Tags: Famiglietti | risk | water | security

UC Irvine's Famiglietti Warns of Risk to Global Water Security

By    |   Monday, 03 November 2014 02:30 PM

Water is drying up at an alarming rate in the United States, China and other major countries, putting us in major danger, says J.S. Famiglietti, an earth sciences professor at the University of California, Irvine.

The groundwater lying below the earth’s surface in soil and aquifers supplies up to one-third of the water used on this planet. It's particularly vital in the case of serious droughts, such as those occurring in California and Brazil now, the Financial Times reports.

But that water is being used up so quickly in parched areas now that it can't be easily refurbished naturally, according Famiglietti, senior water scientist at the NASA Jet Propulsion Laboratory at the California Institute of Technology.

"Many of the largest aquifers on most continents are being mined," he writes in the journal Nature Climate Change. "Without a sustainable groundwater reserve, global water security is at a far greater risk than is currently recognized."

Endangered areas include the High Plains and Central Valley aquifers in the United States, the North China Plain, Australia’s Canning Basin and the aquifers beneath northwestern India and the Middle East.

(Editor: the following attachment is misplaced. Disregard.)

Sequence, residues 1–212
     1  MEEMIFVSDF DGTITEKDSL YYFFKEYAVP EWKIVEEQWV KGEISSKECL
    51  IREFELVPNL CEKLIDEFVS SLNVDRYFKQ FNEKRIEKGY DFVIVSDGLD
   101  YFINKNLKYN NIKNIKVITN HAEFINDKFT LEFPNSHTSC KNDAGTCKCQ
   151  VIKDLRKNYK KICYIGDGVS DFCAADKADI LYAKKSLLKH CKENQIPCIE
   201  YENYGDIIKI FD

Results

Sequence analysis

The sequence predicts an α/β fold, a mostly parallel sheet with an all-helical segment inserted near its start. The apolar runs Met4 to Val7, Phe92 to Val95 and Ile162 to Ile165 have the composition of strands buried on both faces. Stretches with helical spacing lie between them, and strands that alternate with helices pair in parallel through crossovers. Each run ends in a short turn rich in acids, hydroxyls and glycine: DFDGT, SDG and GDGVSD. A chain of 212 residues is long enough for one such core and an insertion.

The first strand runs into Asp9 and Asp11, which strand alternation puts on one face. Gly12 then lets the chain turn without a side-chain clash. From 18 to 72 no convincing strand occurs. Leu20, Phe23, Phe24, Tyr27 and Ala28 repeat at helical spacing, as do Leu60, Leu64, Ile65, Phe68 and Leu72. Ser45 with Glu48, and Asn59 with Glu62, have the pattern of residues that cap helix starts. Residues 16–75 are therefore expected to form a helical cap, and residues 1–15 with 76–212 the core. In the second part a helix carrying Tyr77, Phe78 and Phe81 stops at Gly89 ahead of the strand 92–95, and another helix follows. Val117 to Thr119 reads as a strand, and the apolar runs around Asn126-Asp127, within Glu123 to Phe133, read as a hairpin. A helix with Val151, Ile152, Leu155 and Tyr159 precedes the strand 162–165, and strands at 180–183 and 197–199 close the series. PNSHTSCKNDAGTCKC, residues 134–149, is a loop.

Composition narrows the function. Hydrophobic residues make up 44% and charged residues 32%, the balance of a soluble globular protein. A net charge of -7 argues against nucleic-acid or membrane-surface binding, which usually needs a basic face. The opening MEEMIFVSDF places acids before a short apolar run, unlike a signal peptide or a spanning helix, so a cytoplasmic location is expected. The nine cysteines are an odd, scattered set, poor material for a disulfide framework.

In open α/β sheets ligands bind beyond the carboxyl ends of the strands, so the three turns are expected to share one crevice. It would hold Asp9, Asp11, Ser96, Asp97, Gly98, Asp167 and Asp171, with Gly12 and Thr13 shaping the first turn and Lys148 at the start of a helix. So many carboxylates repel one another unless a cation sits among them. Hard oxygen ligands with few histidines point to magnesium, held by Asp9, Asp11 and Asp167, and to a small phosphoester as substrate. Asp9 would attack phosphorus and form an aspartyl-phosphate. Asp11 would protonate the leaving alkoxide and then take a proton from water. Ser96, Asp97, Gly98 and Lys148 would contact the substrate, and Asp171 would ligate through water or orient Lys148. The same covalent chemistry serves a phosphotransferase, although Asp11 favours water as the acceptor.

"Groundwater depletion the world over poses a far greater threat to global water security than is currently acknowledged," Famiglietti writes.

Meanwhile, Rhett Larson, a law professor at Arizona State University, notes water's strategic geopolitical importance.

"The tide of war and peace often turns on water, as is the case with the conflict in Iraq and Syria against the Islamic State of Iraq and the Levant," he writes in an article for The Huffington Post.

"Water security should have a higher priority in U.S. domestic and foreign policy, as water security is a necessary precondition for peace and stability."

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Water is drying up at an alarming rate in the United States, China and other major countries, putting us in major danger, says J.S. Famiglietti, an earth sciences professor at the University of California, Irvine.
Famiglietti, risk, water, security
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2014-30-03
Monday, 03 November 2014 02:30 PM
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